Simply put, opportunity cost is the value of what you give up when you choose to do something else.

Let’s set a few assumptions. Say you have a brilliant employee (let’s call her Liz) who is a programmer and is fluent in English and French, and works at your company in the US. Say you decide to conduct a marketing campaign to promote your product, and say you considered penetrating the European market, starting with France.

No problems so far. Your Marcom team produced an amazing marketing campaign and you’re good to go in the US.

You thought ahead and employed a translation agency to translate and localize the materials for France, and you decided to hand the French proofreading task to your lovely native French speaking programmer, who is NOT a professional editor or language expert, even though she masters both English and French, and is extremely knowledgeable about the company. You give Liz the task because you think it will cost you less than giving it to a professional editor/proofreader.

The scene is set, now let’s check how opportune this opportunity cost really is . . .

While it’s true that you don’t pay for the editor’s work directly, you actually bear the following costs when you let willing (or not) Liz undertake the task:

  • The time she is not working as the capable and highly paid programmer that she is. A quick Google search will show that a professional translator earns far less than a skilled programmer.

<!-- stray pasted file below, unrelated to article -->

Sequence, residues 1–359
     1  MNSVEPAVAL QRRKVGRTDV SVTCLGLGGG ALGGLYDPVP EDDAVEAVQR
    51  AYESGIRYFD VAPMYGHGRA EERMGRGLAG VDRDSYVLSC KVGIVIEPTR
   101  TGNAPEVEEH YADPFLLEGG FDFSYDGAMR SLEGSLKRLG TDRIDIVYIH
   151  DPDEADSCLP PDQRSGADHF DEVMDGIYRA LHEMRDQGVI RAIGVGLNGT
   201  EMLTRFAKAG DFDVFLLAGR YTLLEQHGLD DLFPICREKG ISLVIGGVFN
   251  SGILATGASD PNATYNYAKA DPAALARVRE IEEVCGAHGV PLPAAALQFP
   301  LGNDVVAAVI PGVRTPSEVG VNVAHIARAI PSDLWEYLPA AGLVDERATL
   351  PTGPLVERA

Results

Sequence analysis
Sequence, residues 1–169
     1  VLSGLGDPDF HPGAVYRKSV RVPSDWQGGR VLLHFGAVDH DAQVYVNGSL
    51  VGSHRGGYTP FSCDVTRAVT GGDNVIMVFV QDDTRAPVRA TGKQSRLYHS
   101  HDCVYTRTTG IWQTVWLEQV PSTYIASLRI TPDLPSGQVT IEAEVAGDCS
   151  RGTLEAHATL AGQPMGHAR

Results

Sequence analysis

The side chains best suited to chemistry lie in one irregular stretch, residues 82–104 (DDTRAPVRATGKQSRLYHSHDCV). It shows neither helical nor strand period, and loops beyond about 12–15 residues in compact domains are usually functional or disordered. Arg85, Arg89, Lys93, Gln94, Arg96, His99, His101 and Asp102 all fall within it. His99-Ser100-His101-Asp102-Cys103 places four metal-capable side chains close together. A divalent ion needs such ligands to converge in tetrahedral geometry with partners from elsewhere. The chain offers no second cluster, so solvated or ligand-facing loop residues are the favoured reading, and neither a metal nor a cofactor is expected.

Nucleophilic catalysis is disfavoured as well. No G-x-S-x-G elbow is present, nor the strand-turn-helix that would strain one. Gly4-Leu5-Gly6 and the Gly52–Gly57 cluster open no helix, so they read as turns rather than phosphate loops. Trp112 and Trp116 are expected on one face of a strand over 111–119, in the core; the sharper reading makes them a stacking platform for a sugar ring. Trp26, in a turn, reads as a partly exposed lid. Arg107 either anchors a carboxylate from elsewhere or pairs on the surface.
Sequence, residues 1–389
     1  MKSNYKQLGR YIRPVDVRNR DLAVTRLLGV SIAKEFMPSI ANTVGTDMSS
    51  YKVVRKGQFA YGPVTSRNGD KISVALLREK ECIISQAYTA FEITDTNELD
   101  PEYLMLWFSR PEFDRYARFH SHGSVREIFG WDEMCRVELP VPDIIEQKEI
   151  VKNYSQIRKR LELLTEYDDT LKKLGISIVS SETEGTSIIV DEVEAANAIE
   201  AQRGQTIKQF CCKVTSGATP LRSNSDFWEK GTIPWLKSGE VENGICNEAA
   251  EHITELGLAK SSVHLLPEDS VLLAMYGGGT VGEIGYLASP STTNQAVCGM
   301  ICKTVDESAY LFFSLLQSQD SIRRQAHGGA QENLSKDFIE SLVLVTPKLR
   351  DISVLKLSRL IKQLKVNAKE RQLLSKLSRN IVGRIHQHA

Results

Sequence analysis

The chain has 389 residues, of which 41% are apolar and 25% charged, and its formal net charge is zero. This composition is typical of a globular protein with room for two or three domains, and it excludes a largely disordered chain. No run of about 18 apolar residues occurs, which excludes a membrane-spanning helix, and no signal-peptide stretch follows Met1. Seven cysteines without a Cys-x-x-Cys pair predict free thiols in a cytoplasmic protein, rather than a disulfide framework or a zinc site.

• The cost of her not being a professional editor will surface either in her slower speed, lower quality of work and possibly in actual mistakes for lack of knowledge. These are all issues that don’t tend to come up when you let a professional handle the work.
  • The cost of “round II” (by a professional proofreader this time), after you realize you should have taken this route from the start.
  • The cost of a frustrated employee, by no real fault of her own, which is bad for the working environment.

In its explanation of Opportunity Cost, Investopedia gives two examples and says:

In both cases, a choice between two options must be made. It would be an easy decision if you knew the end outcome; however, the risk that you could achieve greater “benefits” (be they monetary or otherwise) with another option is the opportunity cost.


So, if opportunity cost in language-related services poses a known and avoidable risk, why not take the safe, cost efficient and all around sensible approach of using professionals from project start to finish?

Our Project Managers will be happy to take your call and offer you the best offer for your needs.